Titanic "Rises" to Become Buena Park Interactive Attraction
By C. MacDonald
Buena Park, CA--The famous Titanic ocean-liner, which hit an iceberg and sank in the North Atlantic in 1912, has come back to life in a sensational interactive attraction down the road from Knott's Berry Farm at the former Movieland Wax Museum site.
Each guest gets a facsimile Boarding Pass, with the name and information of a real passenger, when they enter "Titanic-The Experience." (They won't know until ending up in the Memorial Gallery if their passenger survived or died.) Making their way through stages of the exhibit--from the ship's construction, to life on board to the sinking--you get to speak with trained actors, in period costumes, portraying real passengers and crew. It's like a step back in time. The actors never leave their period talk, even when answering your questions.
Further adding to the unique, interactive fun is placing your palm against a real iceberg, hearing one of the ship's actual whistles, and, my favorite, actually getting to touch a fragment from the Titanic's hull, recovered by RMS Titanic, Inc., a division of Premier Exhibitions, and the only company by law permitted to recover artifacts from the wreck-site, 2 ½ miles below the North Atlantic.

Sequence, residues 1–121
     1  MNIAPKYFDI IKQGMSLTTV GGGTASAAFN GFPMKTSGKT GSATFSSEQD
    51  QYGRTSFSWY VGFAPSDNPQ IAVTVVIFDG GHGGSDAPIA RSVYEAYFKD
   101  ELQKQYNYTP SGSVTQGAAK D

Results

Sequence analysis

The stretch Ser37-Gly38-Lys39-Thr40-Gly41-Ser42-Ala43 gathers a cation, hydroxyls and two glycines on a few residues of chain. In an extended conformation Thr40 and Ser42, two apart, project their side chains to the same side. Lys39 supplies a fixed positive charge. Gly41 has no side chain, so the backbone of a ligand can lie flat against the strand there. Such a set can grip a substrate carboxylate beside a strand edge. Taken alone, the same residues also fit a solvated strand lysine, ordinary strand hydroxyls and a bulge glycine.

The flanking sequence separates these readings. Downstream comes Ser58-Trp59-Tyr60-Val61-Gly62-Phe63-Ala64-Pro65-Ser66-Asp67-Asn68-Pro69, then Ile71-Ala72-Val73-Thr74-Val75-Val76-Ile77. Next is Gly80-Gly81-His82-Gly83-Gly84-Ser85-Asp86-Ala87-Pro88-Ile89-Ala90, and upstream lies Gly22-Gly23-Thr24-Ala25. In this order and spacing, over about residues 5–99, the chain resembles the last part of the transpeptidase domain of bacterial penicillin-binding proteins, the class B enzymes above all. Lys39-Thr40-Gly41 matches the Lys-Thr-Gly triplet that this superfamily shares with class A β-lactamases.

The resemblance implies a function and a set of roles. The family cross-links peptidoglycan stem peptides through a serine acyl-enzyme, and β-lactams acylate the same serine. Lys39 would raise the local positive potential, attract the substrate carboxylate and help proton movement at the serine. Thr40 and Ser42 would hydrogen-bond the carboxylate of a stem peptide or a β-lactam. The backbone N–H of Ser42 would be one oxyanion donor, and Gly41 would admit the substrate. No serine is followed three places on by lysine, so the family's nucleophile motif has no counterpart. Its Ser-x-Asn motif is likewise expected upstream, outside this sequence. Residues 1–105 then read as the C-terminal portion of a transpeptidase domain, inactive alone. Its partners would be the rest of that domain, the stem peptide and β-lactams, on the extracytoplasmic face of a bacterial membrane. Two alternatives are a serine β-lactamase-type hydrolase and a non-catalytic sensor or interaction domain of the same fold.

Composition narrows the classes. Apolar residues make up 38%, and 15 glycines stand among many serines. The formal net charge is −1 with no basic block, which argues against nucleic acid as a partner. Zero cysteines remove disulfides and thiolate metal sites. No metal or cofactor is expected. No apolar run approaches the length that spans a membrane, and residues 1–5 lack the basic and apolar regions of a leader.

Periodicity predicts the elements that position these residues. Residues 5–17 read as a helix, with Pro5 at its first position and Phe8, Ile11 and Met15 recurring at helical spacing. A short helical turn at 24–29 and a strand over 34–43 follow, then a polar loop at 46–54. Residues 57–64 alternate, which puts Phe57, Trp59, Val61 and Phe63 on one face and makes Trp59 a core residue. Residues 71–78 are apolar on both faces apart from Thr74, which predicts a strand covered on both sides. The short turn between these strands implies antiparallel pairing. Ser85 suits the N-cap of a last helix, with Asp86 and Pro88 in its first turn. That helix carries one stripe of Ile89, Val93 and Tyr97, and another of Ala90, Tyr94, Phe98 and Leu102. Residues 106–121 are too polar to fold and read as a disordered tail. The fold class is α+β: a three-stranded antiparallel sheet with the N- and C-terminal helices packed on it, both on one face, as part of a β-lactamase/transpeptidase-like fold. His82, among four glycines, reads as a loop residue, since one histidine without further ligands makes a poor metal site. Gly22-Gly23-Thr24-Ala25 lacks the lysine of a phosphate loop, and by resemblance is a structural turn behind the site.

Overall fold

Over 250 recovered artifacts, ranging from leather satchels, bedposts, chandeliers, boots, a toilet, a bottle still filled with champagne, and a postcard of San Diego's Mission Bells, miraculously were recovered from the debris field and displayed here.
You can even sit on benches (resembling a lifeboat) and watch it sink (thanks to an amazing re-created video presentation), just like some of the actual passengers did as they sat in their 16 lifeboats, seeing the real ship vanish. 705 people survived and 1,523 perished (some from drowning but many because of the very cold water).
Why did the new Titanic sink, especially after several other ships gave warnings of icebergs in the area? Why was it going so fast through a dangerous stretch on a moonless night? Why did it have so few lifeboats? What could have been done to save her? You'll have to draw your own conclusions after examining the evidence on your self-guided tour.
Ironically, upon entering, I received the Boarding Pass for Thomas Andrews, Jr., 39 of Belfast, who was traveling to New York. As White Lines' Chief Designer, he made a point of sailing on the maiden voyage of every new ship. By observing Titanic on the open sea, Andrews, who was in First Class Cabin A-36, hoped to discover any flaws that he could correct in future designs. Before the ship left Southhampton, England on April 10, 1912, he wrote to his wife, "I think we will do the old firm credit tomorrow when we sail." Did Andrews survive? You'll have to check the wall at the attraction's conclusion to see.
The neat exhibits, sounds, sights, and feelings evoked by your journey will be memorable. I was glad to hear a Titanic Dinner Show is being planned for the future to further add drama and delight to this truly intriguing experience.
Art Brown, a Buena Park City Councilman said he's excited that "Titanic" (and "Bodies") have come to town: "They're not only helping entertain and educate people in a very classy way but they're helping revitalize the city by creating new jobs."